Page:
Why are the bride and the groom dressed in black? They’re going to bury their best friend: a taxi driver who speaks just as we would expect a Mexican taxi driver to speak. At 2pm the screening of Viaje for 50 people. The heat of San Miguel. At 2pm, 36 degrees celsius in the shade. I think about making a documentary about shyness. I could be the main character. I remember that I would get more nervous than S when she would go dance. Now I feel the same, seeing the projector turned on. I sink into my warm chair. Correction: First screening of Viaje, 175 people. Nina is the German lady who lives in San Miguel. She is in charge of programming for the festival. She speaks like a German who’s lived for 10 years in Mexico. Is a chronicle supposed to go somewhere? Because right now I’m just here.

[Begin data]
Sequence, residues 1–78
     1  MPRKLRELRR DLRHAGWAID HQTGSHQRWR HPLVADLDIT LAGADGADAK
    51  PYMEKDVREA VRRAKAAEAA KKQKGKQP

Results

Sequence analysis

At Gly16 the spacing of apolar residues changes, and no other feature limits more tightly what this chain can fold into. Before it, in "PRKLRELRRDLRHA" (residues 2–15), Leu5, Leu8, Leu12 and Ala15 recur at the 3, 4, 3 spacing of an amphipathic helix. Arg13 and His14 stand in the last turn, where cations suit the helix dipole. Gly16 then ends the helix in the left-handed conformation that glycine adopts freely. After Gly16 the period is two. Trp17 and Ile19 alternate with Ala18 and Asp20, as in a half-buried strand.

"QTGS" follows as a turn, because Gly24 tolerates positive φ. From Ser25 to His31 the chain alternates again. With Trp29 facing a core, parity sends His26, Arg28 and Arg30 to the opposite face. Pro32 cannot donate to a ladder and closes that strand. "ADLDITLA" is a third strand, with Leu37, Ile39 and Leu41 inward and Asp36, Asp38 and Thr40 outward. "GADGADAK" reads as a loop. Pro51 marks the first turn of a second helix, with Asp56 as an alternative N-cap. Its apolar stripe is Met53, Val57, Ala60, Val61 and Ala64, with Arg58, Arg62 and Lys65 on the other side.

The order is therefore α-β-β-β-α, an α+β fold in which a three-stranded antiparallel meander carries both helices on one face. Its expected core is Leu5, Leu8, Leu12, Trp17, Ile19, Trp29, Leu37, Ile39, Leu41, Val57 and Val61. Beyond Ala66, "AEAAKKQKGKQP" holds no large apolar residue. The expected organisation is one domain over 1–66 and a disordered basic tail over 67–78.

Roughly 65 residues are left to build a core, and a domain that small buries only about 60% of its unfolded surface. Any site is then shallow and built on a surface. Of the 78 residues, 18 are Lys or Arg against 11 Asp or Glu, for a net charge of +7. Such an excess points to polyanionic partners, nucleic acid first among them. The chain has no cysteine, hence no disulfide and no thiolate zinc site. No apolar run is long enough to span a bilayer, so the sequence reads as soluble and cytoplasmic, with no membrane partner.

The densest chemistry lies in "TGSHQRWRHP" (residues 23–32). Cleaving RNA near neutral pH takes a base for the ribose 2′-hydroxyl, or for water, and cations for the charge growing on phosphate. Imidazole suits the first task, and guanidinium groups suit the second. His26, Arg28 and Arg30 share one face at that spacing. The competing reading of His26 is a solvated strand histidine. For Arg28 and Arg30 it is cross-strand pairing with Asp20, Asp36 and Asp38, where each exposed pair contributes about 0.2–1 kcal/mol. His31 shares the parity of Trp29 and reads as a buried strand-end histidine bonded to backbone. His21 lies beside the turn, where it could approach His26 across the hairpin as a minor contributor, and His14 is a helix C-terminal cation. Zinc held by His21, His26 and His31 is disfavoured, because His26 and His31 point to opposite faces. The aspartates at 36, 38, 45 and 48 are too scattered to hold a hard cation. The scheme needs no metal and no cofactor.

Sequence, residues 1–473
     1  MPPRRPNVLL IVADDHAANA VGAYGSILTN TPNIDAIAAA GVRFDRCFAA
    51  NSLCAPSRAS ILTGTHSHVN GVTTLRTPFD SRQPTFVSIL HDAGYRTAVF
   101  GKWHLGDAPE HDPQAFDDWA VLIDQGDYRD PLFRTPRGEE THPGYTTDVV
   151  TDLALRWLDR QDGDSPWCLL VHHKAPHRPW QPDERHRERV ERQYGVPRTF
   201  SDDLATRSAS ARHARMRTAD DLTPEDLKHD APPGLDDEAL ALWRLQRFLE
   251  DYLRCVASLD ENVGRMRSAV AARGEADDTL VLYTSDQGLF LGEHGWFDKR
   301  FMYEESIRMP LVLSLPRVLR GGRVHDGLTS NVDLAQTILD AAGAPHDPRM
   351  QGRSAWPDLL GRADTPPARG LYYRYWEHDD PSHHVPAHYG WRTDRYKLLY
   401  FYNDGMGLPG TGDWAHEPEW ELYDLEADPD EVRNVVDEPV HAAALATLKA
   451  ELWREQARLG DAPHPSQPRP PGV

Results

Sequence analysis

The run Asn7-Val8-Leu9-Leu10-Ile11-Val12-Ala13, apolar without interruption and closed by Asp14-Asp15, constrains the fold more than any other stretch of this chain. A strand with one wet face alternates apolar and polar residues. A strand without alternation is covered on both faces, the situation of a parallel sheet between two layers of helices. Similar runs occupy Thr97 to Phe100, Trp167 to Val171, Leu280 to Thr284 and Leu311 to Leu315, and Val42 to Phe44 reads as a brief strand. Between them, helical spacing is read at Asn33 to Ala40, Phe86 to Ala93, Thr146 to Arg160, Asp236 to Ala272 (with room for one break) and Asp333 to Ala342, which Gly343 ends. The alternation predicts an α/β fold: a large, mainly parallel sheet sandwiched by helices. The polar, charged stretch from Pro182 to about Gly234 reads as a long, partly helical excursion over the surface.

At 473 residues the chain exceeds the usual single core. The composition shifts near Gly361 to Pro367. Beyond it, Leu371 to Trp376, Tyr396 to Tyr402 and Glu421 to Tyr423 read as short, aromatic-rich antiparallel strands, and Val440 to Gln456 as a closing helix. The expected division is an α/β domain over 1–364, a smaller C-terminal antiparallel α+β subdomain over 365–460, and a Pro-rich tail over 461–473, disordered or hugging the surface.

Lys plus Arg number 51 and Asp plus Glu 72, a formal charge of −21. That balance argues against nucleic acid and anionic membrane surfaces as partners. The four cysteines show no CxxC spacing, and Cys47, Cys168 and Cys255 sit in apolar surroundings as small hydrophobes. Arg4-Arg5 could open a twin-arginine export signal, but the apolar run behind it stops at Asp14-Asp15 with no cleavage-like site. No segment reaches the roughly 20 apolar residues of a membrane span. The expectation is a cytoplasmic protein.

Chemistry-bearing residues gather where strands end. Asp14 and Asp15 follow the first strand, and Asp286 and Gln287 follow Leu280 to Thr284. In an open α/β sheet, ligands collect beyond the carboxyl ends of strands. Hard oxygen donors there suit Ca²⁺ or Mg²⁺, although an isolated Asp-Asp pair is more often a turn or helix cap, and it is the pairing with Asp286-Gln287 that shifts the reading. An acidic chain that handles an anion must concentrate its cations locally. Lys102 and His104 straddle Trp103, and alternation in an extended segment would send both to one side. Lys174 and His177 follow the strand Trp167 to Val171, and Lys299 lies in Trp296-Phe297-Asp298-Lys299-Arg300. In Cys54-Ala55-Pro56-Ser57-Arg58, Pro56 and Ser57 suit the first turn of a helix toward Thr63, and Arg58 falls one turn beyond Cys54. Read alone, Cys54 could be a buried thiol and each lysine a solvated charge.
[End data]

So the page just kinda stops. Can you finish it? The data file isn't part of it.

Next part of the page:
My timidness hits me like a shot of alcohol, an intense heat in the ears and then in the cheeks (universal language, universal text). “My name is Meril, but here in Mexico it’s easier for them to call me Muro.” Muro is hypnotized by my red shoes. When I leave Alice’s house, I wonder if my red shoes weren’t too flashy, someone who cries out desperately that he wants work, I want to make films, I want to have something to chat about. End of the screening. Why in black and white? It seems people who go to film festivals haven’t seen many films. A couple of beers. I’m better at socializing with much older women. There’s a 65-year-old woman somewhere deep within me. San Miguel after midnight. This is like editing a film. At the end I’ll know what it was all about.